Seeing Red: A cool revival of Hubble’s infrared camera

After 3 years of blindness, the Hubble Space Telescope’s near-infrared vision has been restored. Prematurely running out of its nitrogen-ice coolant in 1999, Hubble’s Near Infrared Camera and Multi-Object Spectrometer (NICMOS) was brought back to life in March when astronauts installed a neon-gas refrigerator (SN: 3/16/02, p. 163: Telescope Tuned Up: Back to work for orbiting observatory).

PENETRATING VIEWS. A four-galaxy collision shows infrared glow (yellow) from dust absorbing light from newborn stars. The blue regions surrounding the core represent the ultraviolet glow of new stars that haven’t produced enough dust to absorb the radiation. NASA, NICMOS Group (STScI, ESA), and NICMOS Science Team (Univ. of Ariz.)
A galaxy with a ring of stars (arrow) at its center. NASA, NICMOS Group (STScI, ESA), and NICMOS Science Team (Univ. of Ariz.)

Cooled to a temperature that gives the detector 10 to 30 times greater sensitivity than before, NICMOS is once again peering through dust-shrouded regions that can’t be seen in visible and ultraviolet light. It can also scan for objects so distant that cosmic expansion has shifted their light out of the range of every other detector on Hubble.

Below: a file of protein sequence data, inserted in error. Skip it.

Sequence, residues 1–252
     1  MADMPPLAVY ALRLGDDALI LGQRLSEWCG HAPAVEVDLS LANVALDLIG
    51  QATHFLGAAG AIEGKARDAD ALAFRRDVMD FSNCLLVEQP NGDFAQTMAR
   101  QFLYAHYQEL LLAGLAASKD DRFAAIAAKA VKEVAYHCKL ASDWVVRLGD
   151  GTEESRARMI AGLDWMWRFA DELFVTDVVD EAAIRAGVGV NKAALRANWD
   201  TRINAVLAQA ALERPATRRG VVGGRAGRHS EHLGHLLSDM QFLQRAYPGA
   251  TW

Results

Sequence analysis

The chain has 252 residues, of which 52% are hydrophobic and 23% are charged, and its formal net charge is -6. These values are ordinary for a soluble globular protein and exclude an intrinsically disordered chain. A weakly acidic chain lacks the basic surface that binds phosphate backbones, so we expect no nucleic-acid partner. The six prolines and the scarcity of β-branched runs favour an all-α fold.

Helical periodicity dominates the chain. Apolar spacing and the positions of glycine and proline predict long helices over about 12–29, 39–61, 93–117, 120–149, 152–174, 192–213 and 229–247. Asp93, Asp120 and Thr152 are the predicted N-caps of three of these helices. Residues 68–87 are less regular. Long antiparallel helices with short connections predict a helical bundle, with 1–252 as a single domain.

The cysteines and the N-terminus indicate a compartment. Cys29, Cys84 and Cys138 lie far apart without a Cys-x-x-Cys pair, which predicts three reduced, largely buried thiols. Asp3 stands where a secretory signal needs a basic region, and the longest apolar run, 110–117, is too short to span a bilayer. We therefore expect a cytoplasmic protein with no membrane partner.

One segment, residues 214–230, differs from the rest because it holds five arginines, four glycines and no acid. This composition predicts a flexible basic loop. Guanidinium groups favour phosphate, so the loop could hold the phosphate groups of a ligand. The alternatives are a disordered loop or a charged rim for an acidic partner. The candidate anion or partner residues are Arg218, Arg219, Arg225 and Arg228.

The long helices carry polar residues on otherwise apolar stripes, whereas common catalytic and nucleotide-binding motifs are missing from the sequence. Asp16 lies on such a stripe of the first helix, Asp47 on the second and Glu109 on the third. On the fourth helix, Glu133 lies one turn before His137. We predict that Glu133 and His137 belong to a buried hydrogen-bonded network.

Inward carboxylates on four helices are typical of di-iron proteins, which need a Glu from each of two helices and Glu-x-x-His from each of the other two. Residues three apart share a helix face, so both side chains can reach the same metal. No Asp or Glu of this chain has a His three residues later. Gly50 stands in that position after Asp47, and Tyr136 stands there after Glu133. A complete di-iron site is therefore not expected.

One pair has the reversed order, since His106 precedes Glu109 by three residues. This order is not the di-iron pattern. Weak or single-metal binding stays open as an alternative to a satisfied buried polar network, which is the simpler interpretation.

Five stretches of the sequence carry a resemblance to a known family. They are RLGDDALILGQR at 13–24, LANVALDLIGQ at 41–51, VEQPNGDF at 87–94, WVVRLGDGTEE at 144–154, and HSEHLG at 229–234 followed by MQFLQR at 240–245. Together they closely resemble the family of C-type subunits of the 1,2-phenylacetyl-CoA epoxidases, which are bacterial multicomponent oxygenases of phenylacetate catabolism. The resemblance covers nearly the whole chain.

The rejuvenated NICMOS teamed with Hubble’s newly installed Advanced Camera for Surveys to observe a four-galaxy collision a billion light-years from Earth. The infrared-bright regions at the collision’s center produce the equivalent of 200 new suns each year, 100 times more than the Milky Way’s output. Although new stars primarily radiate ultraviolet light, the dust they generate absorbs that light and reemits it in the near-infrared.

In another study, NICMOS peered through the dusty disk of the spiral galaxy NGC 4013 to discover what appears to be a ring of newborn stars at the galaxy’s core. Such rings are relatively common in spiral galaxies, but this is the first time a telescope has found one by looking through dust in a galaxy with an edge-on orientation, says Daniela Calzetti of the Space Telescope Science Institute in Baltimore.

Calzetti and her colleagues unveiled the images this week at a meeting of the American Astronomical Society in Albuquerque.

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